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How will fashion in China change after the Coronavirus

Pros and cons of the "digital" fashion weeks

How will fashion in China change after the Coronavirus Pros and cons of the digital fashion weeks

Shanghai Fashion Week is happening online. Following the rumours that wanted it to be postponed until any updates, Shangai takes an example from the Rakuten Fashion Week in Tokyo (that is currently streaming on the official site) and adds its fashion week to the list of Chinese events that are facing the consequences of the Corona Virus. All the shows will be live-streaming from March 24th to 30th, 2020 on the Taobao Live channel, in collaboration with the e-commerce platform Tmall (property of the Alibaba group). It's an event that is going to rewrite history: they are the first fashion weeks in the world to completely turn digital. 

Though it was the only option, it's still a brave choice. The consequences of cancelling it would have been catastrophic: in a recent interview with nss magazine, stylist Jessica Daolio noticed that a temporary stop of the fashion industry would mean that “[…] a lot of the 2020 Resorts will stay unsold and all the plans about Spring/Summer collections will be cancelled, as well as the buyer's activities for 2020/21. There will be huge losses both for the boutiques and the brands, and many emerging designers will fail." The results of this choice will then be positive: brands (not just Chinese brands, considering that Shanghai had to host the shows of both Diane Von Furstenberg and Converse) will still have the opportunity to not entirely lose the next season. Furthermore, while live-streaming the shows all the viewers will be able to buy online the clothes and accessories they're seeing on the runway: it means that they will be the first in the world to have the possibility to own the new items from Fall/Winter 2020 (the online shopping is still strong, as confirmed by the success of reselling retailers). 

It's a tough choice, but also a necessity. Still looking at the "half-full glass", the live-streaming strategy could also represent an opportunity for all the brands to re-think about themselves. There's always more and more professionals who think that the fashion world is on the edge of disruption: the new technologies and the digitalization, combined with a new public of millennials and Gen Z grown up always with the smartphone on their hands, has generated a new parterre of clients that has a new way to think about fashion and the experience of fashion (and shopping). Brands are still confused about their new opportunities, but most of them sure need to re-think their communication strategies: what they need is the so-called “social currency”, in other words, a digital identity that could guarantee them recognizability on every device. In this sense, social media are the key (a single intern posting on Instagram is not enough, not anymore) as well as the right Key Opinion Leaders (they're like influencers, but they follow the market's rules) and the collaborations between different brands (as the recent Dior X Air Jordan).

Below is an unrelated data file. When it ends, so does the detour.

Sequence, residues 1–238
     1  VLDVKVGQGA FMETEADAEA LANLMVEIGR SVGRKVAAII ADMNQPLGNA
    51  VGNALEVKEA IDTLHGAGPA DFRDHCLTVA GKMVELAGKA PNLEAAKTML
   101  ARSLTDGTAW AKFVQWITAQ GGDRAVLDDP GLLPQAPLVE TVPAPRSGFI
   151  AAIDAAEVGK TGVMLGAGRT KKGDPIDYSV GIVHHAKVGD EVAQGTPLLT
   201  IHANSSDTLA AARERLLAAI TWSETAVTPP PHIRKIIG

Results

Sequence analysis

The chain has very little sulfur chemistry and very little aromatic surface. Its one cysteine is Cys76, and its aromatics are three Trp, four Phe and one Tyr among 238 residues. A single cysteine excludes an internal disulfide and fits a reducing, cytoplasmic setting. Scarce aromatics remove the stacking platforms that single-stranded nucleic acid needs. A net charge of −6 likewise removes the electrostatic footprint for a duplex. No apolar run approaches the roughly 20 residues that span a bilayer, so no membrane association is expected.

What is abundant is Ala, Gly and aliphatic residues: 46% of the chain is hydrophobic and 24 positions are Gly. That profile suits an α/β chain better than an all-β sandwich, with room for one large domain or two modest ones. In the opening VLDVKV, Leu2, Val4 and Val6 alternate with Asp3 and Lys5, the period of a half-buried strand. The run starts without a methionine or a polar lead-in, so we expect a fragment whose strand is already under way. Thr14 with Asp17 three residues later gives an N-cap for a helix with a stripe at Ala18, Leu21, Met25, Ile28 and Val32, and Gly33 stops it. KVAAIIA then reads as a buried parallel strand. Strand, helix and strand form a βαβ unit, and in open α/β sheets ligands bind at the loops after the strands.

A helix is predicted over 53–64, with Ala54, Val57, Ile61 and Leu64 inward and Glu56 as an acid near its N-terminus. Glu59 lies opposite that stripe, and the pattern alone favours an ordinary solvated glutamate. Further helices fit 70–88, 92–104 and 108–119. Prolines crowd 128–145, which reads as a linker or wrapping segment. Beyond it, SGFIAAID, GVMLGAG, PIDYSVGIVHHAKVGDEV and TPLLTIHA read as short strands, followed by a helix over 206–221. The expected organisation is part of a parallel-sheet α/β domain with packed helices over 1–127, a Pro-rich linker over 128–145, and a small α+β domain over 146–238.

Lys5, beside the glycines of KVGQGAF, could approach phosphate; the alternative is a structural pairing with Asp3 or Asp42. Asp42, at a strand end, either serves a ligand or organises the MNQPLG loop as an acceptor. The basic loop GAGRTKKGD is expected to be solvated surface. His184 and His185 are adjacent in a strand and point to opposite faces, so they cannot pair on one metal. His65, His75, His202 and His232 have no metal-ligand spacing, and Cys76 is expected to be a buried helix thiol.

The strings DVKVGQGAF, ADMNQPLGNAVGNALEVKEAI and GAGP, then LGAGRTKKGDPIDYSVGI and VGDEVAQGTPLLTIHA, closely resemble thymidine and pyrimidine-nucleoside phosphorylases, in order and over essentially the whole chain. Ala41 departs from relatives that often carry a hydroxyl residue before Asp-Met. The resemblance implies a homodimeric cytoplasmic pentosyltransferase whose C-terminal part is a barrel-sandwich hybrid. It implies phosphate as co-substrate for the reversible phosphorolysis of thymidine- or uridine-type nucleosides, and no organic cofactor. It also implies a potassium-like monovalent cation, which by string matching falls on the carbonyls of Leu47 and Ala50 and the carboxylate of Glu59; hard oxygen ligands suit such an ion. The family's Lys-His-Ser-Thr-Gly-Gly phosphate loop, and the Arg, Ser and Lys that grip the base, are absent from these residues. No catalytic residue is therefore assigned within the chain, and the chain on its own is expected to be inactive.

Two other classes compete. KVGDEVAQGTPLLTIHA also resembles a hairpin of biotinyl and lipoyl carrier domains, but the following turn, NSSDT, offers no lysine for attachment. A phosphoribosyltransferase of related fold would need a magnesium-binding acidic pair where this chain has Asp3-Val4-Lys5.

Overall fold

China has been a pioneer: more than live-streaming their fashion weeks, the Alibaba group itself that is experimenting a new approach to e-commerce, investing in the elimination of all the physical spaces and in a one-to-one relationship with their clients. For example, it recently launched a game for smartphones called Taobao Life in which users are encouraged to dress up a 3D avatar with clothes and accessories based on real-life iconic items (once the shopping is over, they can even reunite with other avatars and take some selfies to post of their "real" social media). In Italy, the most forward-looking brand is once again Gucci by Alessandro Michele, that recently re-styled its Gucci App: now, all Gucci users can virtually try on the brand's clothes and play some Gucci games.

"Let's go digital" may seem an outdated concept, but many are still sceptical about the decision of the Shangai Fashion Week. A lot of passionates complain that with this solution they're going to lose the "ritual" of a show. Most of all, the most dangerous consequence is that the live-streaming will be only available in China, on Taobao Live channel: it means that the international public is going to be excluded, meaning a significative loss for the industry and for emerging brands (and their social currency, too).

In this time of crisis, there is no room for more losses. As recently reported by an official statement, the Kering Group revealed that the Chinese market is showing the first signals of reprise, but the impact on the entire industry is still huge - especially in Pacific Asia. The losses are globally impressive: Kering estimates that its revenues will be down by between 13% and 15% compared to the first quarter of 2019, while Burberry predicts that its incomes will be down by 80%.

Ready or not, the fashion world is at a crossroads. The recent crisis is just accelerating the road to digital, in many of its aspects:  not just for the fashion world, but for any industry that is struggling with the new opportunities offered by the smart-working. Only time will tell if this is actually going to be the future of fashion.

For now, Shanghai is at the verge of a revolutionary move. While we're still wondering if the Milan fashion week will follow this lead, Camera della Moda remains silent. We'll see, wouldn't we?